(Warning: this blog post contains a few tasteful photos from the butcher process)
The beef is in. All grass and hay, all ours, all the way. No corn. Apparently there are many people painting many shades of grey regarding beef and grass. Ok wait, we did buy this beeve about a year ago from another farmer who guaranteed he was raised on grass along with mom. But we are working towards building our own herd to supply all our own beef from birth. Cows are expensive, good breeding stock is hard to find, but we’ll get there.
Here we are. As many if you know, we have had a challenge having our beef butchered to our standards. So, to ensure the best for our beef, I spent 7 hours here
And getting them all packed and labelled properly like this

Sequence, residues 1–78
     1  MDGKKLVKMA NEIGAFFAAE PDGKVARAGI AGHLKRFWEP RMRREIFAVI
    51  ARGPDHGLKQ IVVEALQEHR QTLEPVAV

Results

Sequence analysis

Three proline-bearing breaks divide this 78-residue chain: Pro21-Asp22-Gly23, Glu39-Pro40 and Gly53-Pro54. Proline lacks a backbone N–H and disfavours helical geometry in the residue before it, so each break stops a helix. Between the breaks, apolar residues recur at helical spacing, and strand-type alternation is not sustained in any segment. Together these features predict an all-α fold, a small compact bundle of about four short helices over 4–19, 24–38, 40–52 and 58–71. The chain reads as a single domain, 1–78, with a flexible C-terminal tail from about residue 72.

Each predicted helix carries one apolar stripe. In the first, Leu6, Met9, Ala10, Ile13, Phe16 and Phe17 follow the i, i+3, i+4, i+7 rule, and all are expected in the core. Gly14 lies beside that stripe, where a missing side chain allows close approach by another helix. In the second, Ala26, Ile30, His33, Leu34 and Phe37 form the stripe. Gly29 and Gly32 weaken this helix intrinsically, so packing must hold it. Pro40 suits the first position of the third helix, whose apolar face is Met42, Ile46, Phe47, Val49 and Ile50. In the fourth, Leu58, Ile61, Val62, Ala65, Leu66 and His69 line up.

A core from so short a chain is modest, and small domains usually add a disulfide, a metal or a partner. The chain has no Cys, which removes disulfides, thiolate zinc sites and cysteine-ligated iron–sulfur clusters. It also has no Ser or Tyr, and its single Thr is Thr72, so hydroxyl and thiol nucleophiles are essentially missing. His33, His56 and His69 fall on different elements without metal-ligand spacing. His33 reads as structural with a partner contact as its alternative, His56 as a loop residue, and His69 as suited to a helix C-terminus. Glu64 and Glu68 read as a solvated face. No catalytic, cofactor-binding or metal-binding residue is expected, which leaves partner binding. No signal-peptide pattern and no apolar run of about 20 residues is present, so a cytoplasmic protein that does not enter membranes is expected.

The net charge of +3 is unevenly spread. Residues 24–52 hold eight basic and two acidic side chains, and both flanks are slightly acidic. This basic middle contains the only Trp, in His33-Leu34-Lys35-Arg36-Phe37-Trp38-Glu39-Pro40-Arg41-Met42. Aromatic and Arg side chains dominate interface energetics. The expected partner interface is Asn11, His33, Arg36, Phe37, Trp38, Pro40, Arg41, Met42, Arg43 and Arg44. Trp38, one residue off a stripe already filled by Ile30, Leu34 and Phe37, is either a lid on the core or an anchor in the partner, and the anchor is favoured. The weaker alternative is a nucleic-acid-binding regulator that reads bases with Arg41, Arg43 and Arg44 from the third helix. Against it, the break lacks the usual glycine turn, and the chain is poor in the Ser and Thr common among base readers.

It was a long cool day, i wasn’t prepared to be that involved but I learned a whole lot, and I think it was well worth it.
We hope you do too. We do our very best to bring the best to you. Please let us know how we are doing and how we can do better. We are always looking for ways to improve.
This beef was dry aged 25 days. The hide was sent to a local tanner. I literally had the butcher shut the garbage cans so we could make use of every part i was allowed. We have soup bones, dog bones, dog food, organ meats and a whole lot of lean yet tender, micromarbled grass fed and finished galloway beef. Nothing wasted. We said our thanks and our goodbyes. The livestock handler for the abbatoir commented on how calm our animal was. We don’t take these things lightly.
We give thanks.
Please enjoy this beef knowing it was loved and respected all the way to your plate.
If you have any questions, please do not hesitate to ask.